Forest ecosystem services derived by smallholder farmers in northwestern Madagascar: storm hazard mitigation and participation in forest management

Radhika Dave, Emma L. Tompkins, Kate Schreckenberg

Research output: Contribution to journalArticlepeer-review

32 Citations (Scopus)


Tropical dry deciduous forests provide numerous ecosystem services yet their contribution to agricultural production remains underexplored. We address this research gap by quantifying the broader suite of ecosystem services that support small holder farmers and identifying farmers' knowledge of storm hazard reduction benefits provided by forest fragments in Madagascar. We survey 240 households and interview eight key informants to identify household and community responses in two communities with contrasting forest cover trajectories. Using multivariate statistics, results show a heavy dependence on forests for food and raw materials and a majority of the respondents holding a positive view of hazard mitigation services provided by forest fragments. Education levels, earning an income from forest based tourism and honey production are the only predictors of participation in forest management. Positive view of the hazard reduction benefits derived from forests could be due to external influences or personal observations, and together with barriers to participation in forest management need to be further investigated to better link forest management to reduced hazards risks. These findings are significant for forest management policy, as local knowledge and rationale for decisions are instrumental in the success of decentralized forest management and maintenance of vital forest benefits to farmers.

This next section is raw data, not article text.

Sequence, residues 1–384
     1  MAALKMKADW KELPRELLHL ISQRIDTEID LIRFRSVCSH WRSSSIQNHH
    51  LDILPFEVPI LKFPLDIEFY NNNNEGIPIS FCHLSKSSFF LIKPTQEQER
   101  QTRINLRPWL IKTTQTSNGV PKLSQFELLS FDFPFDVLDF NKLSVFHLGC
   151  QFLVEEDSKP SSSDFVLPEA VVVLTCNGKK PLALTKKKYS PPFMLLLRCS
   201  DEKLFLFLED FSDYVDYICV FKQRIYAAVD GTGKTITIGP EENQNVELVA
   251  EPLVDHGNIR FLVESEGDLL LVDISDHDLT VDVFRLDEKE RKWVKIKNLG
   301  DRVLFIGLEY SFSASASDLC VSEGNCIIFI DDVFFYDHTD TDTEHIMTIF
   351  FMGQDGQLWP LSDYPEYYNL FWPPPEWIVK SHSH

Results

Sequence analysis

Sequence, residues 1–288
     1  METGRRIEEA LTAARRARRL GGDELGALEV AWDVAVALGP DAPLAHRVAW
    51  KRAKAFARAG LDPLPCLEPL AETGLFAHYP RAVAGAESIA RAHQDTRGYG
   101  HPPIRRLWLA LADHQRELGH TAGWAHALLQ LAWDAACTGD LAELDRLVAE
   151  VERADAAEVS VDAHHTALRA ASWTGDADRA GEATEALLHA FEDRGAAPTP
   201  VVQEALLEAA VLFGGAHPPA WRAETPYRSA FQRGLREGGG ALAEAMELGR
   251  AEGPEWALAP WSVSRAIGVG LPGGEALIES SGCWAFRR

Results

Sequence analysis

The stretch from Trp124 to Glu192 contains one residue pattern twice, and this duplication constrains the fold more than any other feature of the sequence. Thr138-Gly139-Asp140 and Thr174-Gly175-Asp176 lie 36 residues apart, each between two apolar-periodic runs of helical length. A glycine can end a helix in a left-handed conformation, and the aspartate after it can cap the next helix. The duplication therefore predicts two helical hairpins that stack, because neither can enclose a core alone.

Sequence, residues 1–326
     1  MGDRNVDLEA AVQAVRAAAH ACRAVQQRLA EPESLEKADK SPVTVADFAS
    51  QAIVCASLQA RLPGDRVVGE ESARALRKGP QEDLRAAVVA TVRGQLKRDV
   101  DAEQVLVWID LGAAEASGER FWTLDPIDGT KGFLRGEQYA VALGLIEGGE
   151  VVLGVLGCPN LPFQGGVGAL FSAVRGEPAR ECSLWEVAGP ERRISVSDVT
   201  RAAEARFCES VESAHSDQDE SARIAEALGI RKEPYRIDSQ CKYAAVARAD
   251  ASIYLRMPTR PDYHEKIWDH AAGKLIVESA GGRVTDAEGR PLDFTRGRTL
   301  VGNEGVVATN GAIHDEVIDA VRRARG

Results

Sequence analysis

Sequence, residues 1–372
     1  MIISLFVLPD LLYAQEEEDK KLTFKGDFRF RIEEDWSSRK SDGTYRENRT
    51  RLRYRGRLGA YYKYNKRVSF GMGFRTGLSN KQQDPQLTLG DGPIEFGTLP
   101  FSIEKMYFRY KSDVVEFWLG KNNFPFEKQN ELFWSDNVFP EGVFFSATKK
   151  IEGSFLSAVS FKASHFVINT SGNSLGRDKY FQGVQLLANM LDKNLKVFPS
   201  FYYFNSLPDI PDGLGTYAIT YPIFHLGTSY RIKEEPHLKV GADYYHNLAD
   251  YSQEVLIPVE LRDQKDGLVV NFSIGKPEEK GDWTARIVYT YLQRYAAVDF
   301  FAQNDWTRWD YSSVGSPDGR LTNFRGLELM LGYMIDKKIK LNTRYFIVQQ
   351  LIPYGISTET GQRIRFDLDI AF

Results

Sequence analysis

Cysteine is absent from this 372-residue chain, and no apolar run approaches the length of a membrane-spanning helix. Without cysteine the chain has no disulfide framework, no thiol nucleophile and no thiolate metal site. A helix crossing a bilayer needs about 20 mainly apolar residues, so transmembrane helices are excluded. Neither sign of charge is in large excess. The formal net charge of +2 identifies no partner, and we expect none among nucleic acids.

Original languageUndefined/Unknown
Pages (from-to)1-11
Number of pages11
Early online date18 Sept 2016
Publication statusE-pub ahead of print - 18 Sept 2016

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